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[hoo-ev-er] /huˈɛv ər/
pronoun, possessive whosever; objective whomever.
whatever person; anyone that:
Whoever did it should be proud. Ask whoever is there. Tell it to whomever you like.
no matter who:
I won't do it, whoever asks.
who? what person? (used to express astonishment, disbelief, disdain, etc.):
Whoever is that? Whoever told you such a thing?
Origin of whoever
1125-75; Middle English; see who, ever
Can be confused
whoever, whomever. Unabridged
Based on the Random House Dictionary, © Random House, Inc. 2015.
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Examples from the Web for whoever
Contemporary Examples
Historical Examples
  • He should have her yet, whoever might object: she should belong to him, whether she would or not.

  • whoever she might be, wherever she was, she might know what to expect should she be discovered.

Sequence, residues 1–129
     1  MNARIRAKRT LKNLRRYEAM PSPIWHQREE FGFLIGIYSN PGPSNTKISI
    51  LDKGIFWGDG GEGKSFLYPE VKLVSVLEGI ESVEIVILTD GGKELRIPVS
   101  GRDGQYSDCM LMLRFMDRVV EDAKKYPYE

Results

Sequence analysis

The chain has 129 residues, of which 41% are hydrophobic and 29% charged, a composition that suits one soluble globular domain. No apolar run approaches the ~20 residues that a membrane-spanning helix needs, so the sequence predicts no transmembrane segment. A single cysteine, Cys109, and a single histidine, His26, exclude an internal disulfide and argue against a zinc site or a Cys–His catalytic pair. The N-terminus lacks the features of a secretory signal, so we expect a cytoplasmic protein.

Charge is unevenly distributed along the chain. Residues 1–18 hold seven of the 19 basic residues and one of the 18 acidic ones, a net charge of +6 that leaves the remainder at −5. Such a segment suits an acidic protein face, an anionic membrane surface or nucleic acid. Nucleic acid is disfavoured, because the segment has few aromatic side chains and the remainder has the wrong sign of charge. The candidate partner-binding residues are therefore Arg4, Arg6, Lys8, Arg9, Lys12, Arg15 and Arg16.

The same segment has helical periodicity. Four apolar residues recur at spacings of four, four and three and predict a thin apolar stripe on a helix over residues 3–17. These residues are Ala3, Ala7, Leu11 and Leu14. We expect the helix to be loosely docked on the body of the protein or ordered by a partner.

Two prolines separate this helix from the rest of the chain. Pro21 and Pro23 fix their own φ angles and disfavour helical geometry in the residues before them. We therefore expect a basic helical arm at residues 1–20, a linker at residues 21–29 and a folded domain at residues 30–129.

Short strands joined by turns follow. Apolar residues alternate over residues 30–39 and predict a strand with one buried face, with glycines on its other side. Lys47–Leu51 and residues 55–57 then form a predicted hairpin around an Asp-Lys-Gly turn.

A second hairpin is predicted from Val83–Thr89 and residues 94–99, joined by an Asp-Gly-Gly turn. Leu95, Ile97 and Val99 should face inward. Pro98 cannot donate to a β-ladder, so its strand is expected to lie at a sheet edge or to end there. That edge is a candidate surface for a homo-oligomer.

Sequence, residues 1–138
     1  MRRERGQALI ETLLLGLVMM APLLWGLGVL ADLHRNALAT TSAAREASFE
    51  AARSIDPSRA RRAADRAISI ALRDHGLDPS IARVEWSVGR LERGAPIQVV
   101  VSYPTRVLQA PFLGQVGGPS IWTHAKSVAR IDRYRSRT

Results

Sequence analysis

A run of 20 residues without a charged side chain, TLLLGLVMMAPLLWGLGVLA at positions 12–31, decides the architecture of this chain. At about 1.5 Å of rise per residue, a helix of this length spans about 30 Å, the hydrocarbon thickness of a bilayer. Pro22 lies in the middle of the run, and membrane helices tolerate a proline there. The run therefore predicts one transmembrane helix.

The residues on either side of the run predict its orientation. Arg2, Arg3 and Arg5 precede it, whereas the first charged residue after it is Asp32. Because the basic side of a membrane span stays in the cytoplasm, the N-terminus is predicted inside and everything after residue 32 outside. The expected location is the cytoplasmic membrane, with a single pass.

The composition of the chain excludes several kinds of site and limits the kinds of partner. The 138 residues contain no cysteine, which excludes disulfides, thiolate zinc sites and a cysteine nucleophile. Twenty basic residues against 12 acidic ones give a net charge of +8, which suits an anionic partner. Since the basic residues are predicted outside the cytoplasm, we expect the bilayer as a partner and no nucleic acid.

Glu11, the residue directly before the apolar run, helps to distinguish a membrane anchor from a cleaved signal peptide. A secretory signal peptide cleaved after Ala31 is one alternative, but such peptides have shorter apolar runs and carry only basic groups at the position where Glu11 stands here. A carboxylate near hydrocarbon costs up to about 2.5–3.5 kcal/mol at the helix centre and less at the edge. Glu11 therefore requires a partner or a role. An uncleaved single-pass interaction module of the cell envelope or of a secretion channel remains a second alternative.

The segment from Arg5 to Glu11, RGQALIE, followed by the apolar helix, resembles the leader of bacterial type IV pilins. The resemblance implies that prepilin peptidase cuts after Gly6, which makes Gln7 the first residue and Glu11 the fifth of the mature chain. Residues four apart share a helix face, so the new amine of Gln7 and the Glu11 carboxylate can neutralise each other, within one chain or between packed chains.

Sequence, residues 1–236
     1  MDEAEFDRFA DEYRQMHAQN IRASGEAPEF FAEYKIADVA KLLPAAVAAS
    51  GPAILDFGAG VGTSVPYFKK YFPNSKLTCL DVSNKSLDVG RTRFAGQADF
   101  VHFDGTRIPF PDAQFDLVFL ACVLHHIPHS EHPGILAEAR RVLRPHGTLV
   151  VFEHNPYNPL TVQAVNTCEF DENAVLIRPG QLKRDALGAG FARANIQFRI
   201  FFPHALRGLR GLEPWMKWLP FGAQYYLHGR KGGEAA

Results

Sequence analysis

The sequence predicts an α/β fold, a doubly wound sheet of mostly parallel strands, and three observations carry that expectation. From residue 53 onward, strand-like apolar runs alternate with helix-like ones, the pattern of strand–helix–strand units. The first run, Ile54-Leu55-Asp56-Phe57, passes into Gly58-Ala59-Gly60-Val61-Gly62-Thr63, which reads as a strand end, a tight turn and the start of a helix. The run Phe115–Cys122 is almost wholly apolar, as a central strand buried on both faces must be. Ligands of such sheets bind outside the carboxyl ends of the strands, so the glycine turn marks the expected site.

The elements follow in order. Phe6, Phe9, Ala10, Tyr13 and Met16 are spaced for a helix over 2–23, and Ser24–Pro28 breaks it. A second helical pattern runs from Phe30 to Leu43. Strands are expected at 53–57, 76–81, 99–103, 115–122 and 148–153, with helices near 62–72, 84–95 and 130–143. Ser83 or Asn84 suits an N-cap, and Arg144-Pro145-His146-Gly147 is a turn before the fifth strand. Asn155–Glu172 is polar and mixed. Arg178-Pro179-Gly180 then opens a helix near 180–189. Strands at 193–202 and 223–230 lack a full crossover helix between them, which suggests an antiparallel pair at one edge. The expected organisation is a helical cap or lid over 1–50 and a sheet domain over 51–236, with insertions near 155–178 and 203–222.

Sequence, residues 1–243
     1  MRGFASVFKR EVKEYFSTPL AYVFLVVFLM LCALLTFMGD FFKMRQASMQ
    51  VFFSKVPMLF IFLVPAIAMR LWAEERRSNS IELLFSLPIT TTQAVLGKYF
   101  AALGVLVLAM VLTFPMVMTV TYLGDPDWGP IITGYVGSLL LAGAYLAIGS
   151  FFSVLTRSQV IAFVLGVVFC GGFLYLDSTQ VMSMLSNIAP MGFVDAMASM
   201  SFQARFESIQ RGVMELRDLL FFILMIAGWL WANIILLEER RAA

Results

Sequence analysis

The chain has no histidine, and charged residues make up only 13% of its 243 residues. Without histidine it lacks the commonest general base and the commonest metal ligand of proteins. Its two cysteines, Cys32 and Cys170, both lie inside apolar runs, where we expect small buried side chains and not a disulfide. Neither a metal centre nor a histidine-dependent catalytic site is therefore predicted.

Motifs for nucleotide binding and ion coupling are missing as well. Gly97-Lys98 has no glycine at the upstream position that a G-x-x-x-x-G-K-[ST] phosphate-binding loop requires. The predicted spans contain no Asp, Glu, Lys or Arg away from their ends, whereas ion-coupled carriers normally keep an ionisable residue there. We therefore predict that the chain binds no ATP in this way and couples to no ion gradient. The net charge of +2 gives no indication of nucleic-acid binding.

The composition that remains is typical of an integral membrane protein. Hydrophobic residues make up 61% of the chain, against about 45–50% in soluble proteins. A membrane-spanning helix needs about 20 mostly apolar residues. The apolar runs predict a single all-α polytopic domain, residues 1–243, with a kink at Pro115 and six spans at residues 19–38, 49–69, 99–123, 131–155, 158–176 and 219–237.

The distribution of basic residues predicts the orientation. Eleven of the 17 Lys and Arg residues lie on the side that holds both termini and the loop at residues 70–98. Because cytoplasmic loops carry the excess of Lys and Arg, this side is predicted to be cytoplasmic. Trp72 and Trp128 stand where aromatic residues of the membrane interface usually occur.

• whoever will slander in politics, will slander in personal squabbles.

    Twelve Causes of Dishonesty Henry Ward Beecher
  • whoever is in need of help the world over, by that token has a claim on us.

  • Then Junius, whoever he was, never published a syllable of the Letters.

    Junius Unmasked Joel Moody
British Dictionary definitions for whoever


any person who; anyone that: whoever wants it can have it
no matter who: I'll come round tomorrow, whoever may be here
an intensive form of who, used in questions: whoever could have thought that?
(informal) an unknown or unspecified person: give those to John, or Cathy, or whoever
Collins English Dictionary - Complete & Unabridged 2012 Digital Edition
© William Collins Sons & Co. Ltd. 1979, 1986 © HarperCollins
Publishers 1998, 2000, 2003, 2005, 2006, 2007, 2009, 2012
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Word Origin and History for whoever

late Old English hwa efre.

Online Etymology Dictionary, © 2010 Douglas Harper
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